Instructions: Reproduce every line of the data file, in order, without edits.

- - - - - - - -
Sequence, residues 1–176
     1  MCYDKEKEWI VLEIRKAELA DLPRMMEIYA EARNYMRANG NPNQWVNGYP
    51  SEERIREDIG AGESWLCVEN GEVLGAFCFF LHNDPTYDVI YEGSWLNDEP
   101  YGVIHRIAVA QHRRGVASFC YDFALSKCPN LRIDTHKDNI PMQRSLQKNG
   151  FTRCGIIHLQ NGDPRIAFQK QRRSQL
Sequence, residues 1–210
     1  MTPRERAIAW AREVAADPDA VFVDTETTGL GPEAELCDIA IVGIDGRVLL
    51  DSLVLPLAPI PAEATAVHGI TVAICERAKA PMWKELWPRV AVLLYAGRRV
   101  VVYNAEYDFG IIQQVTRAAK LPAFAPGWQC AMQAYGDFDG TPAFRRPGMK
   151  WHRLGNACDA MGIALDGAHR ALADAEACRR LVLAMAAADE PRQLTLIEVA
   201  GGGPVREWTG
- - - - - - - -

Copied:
Sequence, residues 1–176
     1  MCYDKEKEWI VLEIRKAELA DLPRMMEIYA EARNYMRANG NPNQWVNGYP
    51  SEERIREDIG AGESWLCVEN GEVLGAFCFF LHNDPTYDVI YEGSWLNDEP
   101  YGVIHRIAVA QHRRGVASFC YDFALSKCPN LRIDTHKDNI PMQRSLQKNG
   151  FTRCGIIHLQ NGDPRIAFQK QRRSQL
Sequence, residues 1–210
     1  MTPRERAIAW AREVAADPDA VFVDTETTGL GPEAELCDIA IVGIDGRVLL
    51  DSLVLPLAPI PAEATAVHGI TVAICERAKA PMWKELWPRV AVLLYAGRRV
   101  VVYNAEYDFG IIQQVTRAAK LPAFAPGWQC AMQAYGDFDG TPAFRRPGMK
   151  WHRLGNACDA MGIALDGAHR ALADAEACRR LVLAMAAADE PRQLTLIEVA
   201  GGGPVREWTG